An Academic Communication by the Standing Committee on Energy and Climate Change – Feb. 2010
In a context where it is obvious that there will be a gradual rarefaction of fossil fuels, and hence a increased price for the fuels, biotechnologies present a dual advantage, that of renewable sources of production and a net gain in energy. Moreover, given the vegetable origins of the fuels, bio-fuels lead to a clear reduction in emissions of greenhouse gases (GHGs) in comparison with equivalent fossil energy products.
France’s Government has committed itself to a voluntarism stance since the outset of the 21st Century, by encouraging and financing the creation of complete industrial processes: from the field to the factory. The process therefore includes crop-growing and storage of cereals and beetroot used to produce ethanol, and colza and sunflowers for the production of vegetable oil, that are raw materials of vegetable origin which, after chemical transformation can be substituted for petrol and diesel fuel.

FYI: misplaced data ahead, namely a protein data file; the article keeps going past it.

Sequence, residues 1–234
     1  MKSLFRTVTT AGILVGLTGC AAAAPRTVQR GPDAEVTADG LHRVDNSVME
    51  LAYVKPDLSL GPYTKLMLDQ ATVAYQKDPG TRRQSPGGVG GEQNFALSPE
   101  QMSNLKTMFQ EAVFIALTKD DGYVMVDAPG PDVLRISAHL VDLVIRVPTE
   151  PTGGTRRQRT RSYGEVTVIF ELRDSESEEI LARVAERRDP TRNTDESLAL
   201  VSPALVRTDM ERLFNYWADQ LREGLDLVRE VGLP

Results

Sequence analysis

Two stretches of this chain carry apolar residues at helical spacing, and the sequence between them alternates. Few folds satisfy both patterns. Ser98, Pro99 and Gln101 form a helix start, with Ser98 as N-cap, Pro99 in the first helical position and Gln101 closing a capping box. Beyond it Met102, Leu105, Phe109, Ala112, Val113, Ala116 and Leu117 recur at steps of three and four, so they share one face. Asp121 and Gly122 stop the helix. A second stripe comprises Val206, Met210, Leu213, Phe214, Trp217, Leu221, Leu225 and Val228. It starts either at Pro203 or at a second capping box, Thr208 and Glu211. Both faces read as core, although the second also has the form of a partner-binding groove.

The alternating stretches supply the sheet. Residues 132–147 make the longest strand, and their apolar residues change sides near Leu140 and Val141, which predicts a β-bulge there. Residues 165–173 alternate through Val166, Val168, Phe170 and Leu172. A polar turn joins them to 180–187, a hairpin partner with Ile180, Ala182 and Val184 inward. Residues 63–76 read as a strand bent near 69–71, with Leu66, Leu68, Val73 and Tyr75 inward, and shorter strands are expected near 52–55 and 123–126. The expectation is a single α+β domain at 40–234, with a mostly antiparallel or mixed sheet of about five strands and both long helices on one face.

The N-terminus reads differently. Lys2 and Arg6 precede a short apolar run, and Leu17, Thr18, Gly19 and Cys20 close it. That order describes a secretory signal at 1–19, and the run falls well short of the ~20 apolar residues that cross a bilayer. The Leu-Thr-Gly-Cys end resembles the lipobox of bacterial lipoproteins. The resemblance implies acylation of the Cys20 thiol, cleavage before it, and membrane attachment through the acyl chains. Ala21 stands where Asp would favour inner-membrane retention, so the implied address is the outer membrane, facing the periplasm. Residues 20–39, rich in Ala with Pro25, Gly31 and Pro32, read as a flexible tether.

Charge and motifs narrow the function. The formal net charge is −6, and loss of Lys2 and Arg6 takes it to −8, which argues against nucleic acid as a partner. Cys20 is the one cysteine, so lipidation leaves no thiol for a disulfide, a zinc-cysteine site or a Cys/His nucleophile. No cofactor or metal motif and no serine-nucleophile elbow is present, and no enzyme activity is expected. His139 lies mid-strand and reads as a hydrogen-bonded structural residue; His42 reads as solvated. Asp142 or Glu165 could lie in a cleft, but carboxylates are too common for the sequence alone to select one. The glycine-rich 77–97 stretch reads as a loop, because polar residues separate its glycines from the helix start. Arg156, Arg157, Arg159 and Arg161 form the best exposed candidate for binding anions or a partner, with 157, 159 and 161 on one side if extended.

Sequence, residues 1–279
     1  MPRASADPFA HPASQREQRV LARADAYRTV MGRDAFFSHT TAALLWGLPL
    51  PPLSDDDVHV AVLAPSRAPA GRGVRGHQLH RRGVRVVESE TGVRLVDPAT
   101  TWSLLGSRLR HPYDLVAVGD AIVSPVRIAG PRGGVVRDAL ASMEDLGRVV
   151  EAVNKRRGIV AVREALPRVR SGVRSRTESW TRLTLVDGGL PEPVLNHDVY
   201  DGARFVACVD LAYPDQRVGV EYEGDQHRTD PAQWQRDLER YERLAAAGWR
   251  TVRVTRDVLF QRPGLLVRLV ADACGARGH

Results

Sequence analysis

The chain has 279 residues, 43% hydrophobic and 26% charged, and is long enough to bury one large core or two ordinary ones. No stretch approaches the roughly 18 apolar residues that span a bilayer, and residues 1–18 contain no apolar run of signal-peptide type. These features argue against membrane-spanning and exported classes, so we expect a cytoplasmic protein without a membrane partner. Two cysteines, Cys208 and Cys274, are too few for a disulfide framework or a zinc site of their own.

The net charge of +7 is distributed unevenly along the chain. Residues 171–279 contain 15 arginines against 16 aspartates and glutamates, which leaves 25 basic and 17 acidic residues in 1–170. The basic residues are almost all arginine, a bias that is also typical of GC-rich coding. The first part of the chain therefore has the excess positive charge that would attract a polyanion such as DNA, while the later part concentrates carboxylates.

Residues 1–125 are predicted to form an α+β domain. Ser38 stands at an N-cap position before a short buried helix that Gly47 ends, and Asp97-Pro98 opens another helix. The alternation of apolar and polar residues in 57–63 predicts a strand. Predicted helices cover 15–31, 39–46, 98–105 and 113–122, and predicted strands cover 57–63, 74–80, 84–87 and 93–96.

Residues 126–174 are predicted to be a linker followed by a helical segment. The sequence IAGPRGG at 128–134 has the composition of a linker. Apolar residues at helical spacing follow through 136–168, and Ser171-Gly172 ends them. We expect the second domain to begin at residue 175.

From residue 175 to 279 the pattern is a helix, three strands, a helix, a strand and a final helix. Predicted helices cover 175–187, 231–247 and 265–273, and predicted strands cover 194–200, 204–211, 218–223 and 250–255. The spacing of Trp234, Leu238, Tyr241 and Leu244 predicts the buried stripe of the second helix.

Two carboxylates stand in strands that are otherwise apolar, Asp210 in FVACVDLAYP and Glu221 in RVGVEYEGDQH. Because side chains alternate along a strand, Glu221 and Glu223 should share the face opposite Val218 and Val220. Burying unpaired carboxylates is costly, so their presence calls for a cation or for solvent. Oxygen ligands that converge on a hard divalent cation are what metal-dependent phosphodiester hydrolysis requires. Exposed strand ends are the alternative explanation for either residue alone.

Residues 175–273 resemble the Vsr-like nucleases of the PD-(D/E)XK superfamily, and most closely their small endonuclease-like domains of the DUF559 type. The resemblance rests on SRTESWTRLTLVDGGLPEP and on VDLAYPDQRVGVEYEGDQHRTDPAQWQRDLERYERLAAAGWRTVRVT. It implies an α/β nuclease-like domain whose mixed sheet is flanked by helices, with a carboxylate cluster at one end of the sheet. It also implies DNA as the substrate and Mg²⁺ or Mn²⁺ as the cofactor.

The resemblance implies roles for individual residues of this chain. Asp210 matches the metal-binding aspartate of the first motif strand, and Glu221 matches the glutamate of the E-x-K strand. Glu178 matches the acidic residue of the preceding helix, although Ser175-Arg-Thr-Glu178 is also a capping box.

In order to widen the scope of raw materials that can be processed, and in particular the use of agricultural, forestry and household wastes which, because of their composition, are not to be seen as competitors with agricultural products also used in food industries, new technologies are currently being developed in several countries, France included.
NATF in this report gives the state-of-the-art of these industrial research developments and sketches some of the scenarios that by yr.2030 when it is forecast that the pricing of fossil fuels will become really serious and will thus position bio-fuels as an important ingredient (but in part only) of the energy bouquet of sources specific to the future needs of terrestrial transportation.